Are You Still Using These 10 Outdated SEO Practices?
As the internet continues to evolve, so too does SEO. As Google and other internet gatekeepers grow increasingly skilled at delivering their customers to the content they desire, the tricks and techniques that once served as staples of good SEO become mistakes that risk getting your site penalized.
Take a look at ten SEO practices which once reigned supreme, but now serve no purpose – or worse, threaten to drop your site lower in the rankings.
Keywords matter far less in modern SEO than they once did, so it’s time to retire site design built wholly around pushing target keywords. That means:
- Writing enticing, interesting page title tags, instead of keyword lists separated by pipes.
- Writing meta descriptions that read more like compelling copy than spam.
- Using the best heading to pull a reader through an article, instead of trying to get exact phrases inside each set of H2 tags.
Not only does more natural, readable content fare better with visitors, it plays nicer with the new and improved Google algorithms, which look for readability and content quality as much as anything else.
Different Pages for Keyword Variants
Speaking of keyword-based design, once upon a time, it made sense for a site to create and optimize a new page for each permutation and variant of its target keywords. In part, that’s because Google and other search engines lacked the complexity to interpret ‘similar’ as ‘the same’ and organize accordingly.
Today, however, the algorithms driving Google are more than up to the task of identifying a dozen pages using similar content centered around similar phrases – and they don’t like it.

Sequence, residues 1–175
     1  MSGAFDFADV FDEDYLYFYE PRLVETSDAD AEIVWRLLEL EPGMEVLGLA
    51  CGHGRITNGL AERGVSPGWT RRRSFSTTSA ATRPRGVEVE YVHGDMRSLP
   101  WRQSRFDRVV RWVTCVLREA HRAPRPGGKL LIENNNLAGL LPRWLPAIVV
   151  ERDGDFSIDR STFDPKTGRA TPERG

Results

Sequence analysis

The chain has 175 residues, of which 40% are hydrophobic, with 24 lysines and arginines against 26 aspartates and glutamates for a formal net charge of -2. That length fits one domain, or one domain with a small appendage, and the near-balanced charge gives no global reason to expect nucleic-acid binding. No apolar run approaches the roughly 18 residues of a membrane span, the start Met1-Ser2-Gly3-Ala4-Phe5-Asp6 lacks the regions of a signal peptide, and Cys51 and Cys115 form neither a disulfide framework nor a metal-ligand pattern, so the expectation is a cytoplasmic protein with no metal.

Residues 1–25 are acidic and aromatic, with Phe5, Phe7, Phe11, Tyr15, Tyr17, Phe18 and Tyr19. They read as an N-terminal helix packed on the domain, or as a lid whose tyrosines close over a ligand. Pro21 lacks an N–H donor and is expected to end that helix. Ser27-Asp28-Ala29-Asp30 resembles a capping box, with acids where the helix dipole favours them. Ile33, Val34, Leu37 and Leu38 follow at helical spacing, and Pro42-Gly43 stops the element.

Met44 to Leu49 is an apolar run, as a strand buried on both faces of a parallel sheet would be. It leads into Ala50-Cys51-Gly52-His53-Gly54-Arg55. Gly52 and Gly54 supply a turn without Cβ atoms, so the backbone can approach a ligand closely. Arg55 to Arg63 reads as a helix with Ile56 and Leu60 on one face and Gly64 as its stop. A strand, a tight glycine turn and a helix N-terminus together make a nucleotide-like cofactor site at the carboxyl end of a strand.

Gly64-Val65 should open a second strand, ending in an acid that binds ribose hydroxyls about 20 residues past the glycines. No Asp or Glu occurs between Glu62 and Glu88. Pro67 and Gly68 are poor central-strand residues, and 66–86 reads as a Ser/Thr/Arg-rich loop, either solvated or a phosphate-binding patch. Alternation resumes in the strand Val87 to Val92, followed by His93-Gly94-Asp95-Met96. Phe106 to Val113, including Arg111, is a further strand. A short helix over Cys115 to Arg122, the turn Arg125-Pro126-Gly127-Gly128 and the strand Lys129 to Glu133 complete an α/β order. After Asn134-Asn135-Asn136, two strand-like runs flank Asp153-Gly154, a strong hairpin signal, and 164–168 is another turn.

That’s not to say you should pare down your individual page selections to nothing; rather, that you shouldn’t have dozens of variants of each and every page, purely for keyword optimization purposes.
Shape your site to receive customers and funnel them optimally, instead of chasing search results with dated techniques.
There was a period of time where the comment section of a notable blog was one of the most valuable places for any SEO to spend time. Even sites with nofollow tags offered some benefit.
But these days, Google isn’t interested in the endless stream of backlinks tagged at the bottom of articles, webmasters know better than to leave their comments unattended for gray hat SEOs to abuse, and the nature of a backlink matters far more than it once did.
So leave the comment sections, forums, and other publicly accessible sections of sites alone. They aren’t worth the investment of time or effort.
Paid links have always been a risky investment, but gray and black hat SEOs still saw reasonable profitability from them in days past – especially those who didn’t care too much whether clients stayed at the top, so long as they could show off quick results and collect their paycheck.